Since 2004, Pew Research Center has issued an annual report on key audience and economic indicators for a variety of sectors within the U.S. news media industry. These data speak to the shifting ways in which Americans seek out news and information, how news organizations get their revenue, and the resources available to American journalists as they seek to inform the public about important events of the day. The press is sometimes called the fourth branch of government, but in the U.S., it’s also very much a business – one whose ability to serve the public is dependent on its ability to attract eyeballs and dollars.
Over the years, the Center’s approach to these indicators has evolved along with the industry, carefully considering the metrics, sectors and format in which the data appear. Instead of a single summary report, our approach is to roll out a series of fact sheets showcasing the most important current and historical data points for each sector – in an easy-to-digest format – a few at a time. (State of the News Media reports from 2004-2016 are archived as PDFs and available here.)
Listed below are the 2018 fact sheets released so far (noted as “Updated” beside their title), the sheets released in 2017 that have not yet been updated, and links to related reports and blog posts that provide other angles of analysis about the news media industry.
News revenue declines despite growth from new sources
The sources of the estimated $63-$65 billion dollars supporting print, online and broadcast news has shifted, with advertising dollars declining and audience payments, in the form of subscriptions, for example, comprising a bigger share.
8 Key Takeaways about Social Media and News
As news organizations work to understand how consumers interact with digital news, the Pew Research Center’s Journalism Project, in collaboration with the John S. and James L. Knight Foundation, delved into how news is functioning in the social media space.
News Video on the Web
Online video is clearly becoming a part of the news media landscape. News is a part of what people watch online, and, more than ever, the public is a part of creating this news. But advertising and revenue opportunities, while they exist, are complicated.
A Boom in Acquisitions and Content Sharing Shapes Local TV News in 2013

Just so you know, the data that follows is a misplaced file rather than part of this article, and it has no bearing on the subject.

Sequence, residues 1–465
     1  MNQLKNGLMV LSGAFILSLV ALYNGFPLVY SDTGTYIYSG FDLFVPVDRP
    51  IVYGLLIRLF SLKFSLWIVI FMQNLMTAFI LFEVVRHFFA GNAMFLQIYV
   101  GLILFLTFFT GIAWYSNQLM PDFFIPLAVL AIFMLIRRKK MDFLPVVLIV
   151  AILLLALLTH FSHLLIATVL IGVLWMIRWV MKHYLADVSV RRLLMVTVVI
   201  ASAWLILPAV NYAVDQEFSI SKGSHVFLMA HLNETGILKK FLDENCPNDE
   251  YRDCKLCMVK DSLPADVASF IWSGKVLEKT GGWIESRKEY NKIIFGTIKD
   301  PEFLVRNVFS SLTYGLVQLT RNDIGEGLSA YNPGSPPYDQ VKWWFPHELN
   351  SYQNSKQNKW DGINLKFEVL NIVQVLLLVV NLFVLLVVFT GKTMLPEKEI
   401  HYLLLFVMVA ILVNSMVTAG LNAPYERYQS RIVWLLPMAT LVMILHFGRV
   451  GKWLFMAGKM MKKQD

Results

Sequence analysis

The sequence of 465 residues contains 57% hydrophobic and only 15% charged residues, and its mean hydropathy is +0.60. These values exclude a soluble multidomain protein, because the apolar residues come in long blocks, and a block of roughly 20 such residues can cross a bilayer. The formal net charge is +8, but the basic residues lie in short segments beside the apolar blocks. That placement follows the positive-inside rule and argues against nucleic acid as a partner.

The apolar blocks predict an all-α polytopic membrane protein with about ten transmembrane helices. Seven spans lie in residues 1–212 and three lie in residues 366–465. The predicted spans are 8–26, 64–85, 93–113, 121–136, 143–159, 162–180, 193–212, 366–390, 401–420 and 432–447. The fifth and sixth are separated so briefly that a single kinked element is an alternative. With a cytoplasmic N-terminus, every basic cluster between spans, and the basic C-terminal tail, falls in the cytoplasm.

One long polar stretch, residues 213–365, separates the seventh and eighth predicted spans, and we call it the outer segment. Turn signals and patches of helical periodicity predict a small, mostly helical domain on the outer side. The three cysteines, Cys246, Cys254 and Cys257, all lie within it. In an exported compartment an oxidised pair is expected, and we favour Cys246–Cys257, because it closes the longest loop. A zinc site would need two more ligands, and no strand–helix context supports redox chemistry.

Local television in the U.S. saw massive change in 2013, change that remained under the radar of most Americans. Big owners of local TV stations got substantially bigger, thanks to a wave of station purchases. While the TV business profited, the impact on consumers is less clear and seems to vary from one market to the next.
The Growth in Digital Reporting
At a time when print newsrooms continue to shed jobs, thousands of journalists are now working in the growing world of native digital news—at small non-profits, big commercial sites and other content outlets that have moved into original news reporting.
The Revenue Picture for American Journalism and How It Is Changing
An influx of new investments from the tech world and philanthropy signify a pivot in the way we support journalism financially.
5 facts about the news business today
The good news – and the bad news – about the news.
5 key findings about digital news audiences
Web visitors who arrive at news sites by typing in a URL or clicking a bookmark behave quite differently from those who arrive via search engine or social media.
Social, Search and Direct
Direct visitors to 26 top news sites—those who type in the news outlet’s URL or have the address bookmarked—are far more engaged with that news than users who arrive from Facebook or a search engine, according to a new analysis of online traffic data.
The Sochi effect on NBC and the morning news wars
How many Americans will go to sleep with the Olympics and wake up with Today – and will it will be enough to reverse ABC’s morning momentum?